NewsLanc.com is an e-zine focused on the important issues facing Lancaster city and county. Our mission is to provide an alternative source of coverage and comment from the Lancaster and statewide media. We provide news without spin, editorials without vested interests and personal attacks, and solicit vigorous discussions from the public.
If you have any questions, tips, or suggestions, please write to us at by clicking on this link.
Robert E. Field was born in 1937, raised in the Philadelphia area, and relocated with wife and children to Lancaster in 1967.
His father, Sylvan Field, set high academic standards for his three sons and encouraged them to think for themselves and question authority. His mother Hannah Worobe Field bestowed a strong social conscience. Brother Martin developed residential housing and hotels. Brother Joe founded Entercom Corporation that, with its recent acquisition of CBS radio, is now the second largest radio chain in the country.
Robert graduated from the University of California – Berkeley,’59, with a major in economics. Offered an all expense plus generous stipend two year masters fellowship to Cambridge University, he declined in order to enter the business world with aspiration of a later political or social activism career..
As Executive Vice President of the Stewall Corporation, a predecessors to Manor Care (no relation to The Manor Companies that came first), Field oversaw the design and construction of nursing homes.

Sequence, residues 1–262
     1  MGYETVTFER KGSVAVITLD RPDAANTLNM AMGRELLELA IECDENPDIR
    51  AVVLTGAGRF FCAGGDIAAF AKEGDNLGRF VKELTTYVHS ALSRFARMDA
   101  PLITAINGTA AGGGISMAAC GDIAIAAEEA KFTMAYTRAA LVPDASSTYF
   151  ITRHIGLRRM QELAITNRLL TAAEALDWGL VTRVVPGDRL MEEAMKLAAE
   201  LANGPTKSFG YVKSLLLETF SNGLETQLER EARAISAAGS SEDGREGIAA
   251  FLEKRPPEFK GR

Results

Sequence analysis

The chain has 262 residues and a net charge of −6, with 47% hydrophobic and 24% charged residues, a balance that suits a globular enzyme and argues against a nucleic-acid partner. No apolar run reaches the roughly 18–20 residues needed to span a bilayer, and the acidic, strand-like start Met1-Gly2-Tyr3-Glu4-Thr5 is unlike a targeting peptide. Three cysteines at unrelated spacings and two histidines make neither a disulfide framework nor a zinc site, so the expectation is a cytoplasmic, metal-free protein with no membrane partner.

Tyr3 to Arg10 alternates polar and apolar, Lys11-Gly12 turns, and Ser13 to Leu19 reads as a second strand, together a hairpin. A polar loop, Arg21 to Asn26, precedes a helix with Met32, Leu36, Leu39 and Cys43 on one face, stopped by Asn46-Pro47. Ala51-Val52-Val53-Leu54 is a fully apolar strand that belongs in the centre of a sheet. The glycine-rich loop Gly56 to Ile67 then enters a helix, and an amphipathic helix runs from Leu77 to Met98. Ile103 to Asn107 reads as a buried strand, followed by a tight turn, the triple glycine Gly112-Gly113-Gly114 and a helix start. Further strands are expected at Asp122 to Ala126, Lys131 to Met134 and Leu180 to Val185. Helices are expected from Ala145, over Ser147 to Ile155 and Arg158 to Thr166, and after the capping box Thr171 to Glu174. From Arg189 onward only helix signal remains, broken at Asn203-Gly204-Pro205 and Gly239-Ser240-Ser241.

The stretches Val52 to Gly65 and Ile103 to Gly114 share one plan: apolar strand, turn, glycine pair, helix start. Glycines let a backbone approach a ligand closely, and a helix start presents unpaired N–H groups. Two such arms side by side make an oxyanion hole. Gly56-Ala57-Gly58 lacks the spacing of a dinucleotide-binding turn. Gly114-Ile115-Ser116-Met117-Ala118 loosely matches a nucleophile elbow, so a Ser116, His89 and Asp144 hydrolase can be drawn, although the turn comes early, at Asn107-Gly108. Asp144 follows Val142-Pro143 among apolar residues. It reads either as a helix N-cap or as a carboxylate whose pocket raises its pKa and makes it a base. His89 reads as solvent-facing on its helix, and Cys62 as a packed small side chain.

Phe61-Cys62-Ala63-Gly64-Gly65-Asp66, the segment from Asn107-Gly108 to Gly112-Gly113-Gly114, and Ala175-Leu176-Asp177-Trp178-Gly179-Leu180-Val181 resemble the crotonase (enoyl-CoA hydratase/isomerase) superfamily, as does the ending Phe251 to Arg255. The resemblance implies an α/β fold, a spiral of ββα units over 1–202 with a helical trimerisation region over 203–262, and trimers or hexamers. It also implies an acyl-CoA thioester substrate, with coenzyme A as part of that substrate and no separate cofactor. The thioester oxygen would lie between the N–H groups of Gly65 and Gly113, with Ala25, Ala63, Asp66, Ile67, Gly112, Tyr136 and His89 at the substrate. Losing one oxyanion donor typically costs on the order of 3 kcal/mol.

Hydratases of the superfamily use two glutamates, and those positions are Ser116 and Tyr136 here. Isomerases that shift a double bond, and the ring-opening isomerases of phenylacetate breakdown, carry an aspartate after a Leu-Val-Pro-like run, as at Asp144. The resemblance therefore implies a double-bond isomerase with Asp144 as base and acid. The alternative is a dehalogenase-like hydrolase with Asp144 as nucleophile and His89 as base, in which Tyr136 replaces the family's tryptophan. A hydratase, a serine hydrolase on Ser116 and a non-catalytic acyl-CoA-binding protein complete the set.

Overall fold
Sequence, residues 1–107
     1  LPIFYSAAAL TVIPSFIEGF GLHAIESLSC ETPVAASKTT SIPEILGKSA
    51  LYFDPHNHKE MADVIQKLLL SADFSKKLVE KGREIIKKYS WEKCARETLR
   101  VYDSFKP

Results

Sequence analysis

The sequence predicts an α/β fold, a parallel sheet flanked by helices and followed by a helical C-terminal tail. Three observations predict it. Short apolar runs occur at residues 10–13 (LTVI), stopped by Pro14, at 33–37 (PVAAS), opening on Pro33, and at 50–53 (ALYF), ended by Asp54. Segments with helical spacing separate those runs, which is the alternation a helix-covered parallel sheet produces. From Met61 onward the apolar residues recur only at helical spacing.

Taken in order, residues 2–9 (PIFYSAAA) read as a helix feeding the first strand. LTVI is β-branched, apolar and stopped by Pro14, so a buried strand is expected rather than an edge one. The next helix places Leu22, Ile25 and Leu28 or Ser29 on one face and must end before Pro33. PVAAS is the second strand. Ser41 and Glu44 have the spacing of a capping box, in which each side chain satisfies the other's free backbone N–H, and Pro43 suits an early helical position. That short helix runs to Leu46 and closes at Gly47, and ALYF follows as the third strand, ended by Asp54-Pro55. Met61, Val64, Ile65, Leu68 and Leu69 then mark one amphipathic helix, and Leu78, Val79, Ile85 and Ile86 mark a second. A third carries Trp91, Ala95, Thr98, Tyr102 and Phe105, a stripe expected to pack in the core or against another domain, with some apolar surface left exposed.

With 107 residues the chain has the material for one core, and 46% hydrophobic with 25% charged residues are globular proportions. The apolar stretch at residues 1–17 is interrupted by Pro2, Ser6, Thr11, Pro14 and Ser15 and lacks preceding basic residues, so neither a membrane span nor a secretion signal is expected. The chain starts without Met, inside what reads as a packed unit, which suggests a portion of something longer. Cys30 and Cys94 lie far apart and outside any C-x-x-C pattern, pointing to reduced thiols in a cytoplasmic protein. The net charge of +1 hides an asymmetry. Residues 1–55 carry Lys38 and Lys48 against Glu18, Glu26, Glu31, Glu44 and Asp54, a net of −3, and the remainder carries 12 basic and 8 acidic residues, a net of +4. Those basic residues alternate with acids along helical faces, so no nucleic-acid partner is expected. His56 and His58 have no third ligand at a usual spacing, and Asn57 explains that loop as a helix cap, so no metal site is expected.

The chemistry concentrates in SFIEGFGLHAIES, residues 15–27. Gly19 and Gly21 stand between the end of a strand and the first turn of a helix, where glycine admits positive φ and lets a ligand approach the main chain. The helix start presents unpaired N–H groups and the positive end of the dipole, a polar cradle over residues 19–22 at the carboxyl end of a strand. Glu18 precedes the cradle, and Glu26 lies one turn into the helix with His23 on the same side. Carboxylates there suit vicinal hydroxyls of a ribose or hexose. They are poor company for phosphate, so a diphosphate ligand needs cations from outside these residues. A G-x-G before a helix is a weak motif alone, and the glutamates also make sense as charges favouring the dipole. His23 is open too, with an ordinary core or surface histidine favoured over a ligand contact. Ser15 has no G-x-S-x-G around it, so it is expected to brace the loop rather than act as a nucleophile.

At 28, Field’s career began as a builder and operator of apartment complexes, hotels and residential communities, later under the service mark of The Manor Group.
His initial development in 1966, Manor House Apartments, pioneered the acceptance of African Americans in the then segregated Lancaster suburbs.
In the 1970s, Field contributed half the cost for acquiring the current building for Clare House, a women’s shelter, after touring their row house with temporary wiring running throughout that he considered an imminent fire hazard..
By chance while traveling in Italy with wife, mother and mother-in-law in 1972, Field prevented further damage to and safeguarded broken pieces of Michael Angelo’s Pieta. His photograph along with the assailant’s appeared on the front page of the New York Times. He vividly recalls how moved he was while holding a broken hand of the Pieta in his own hands.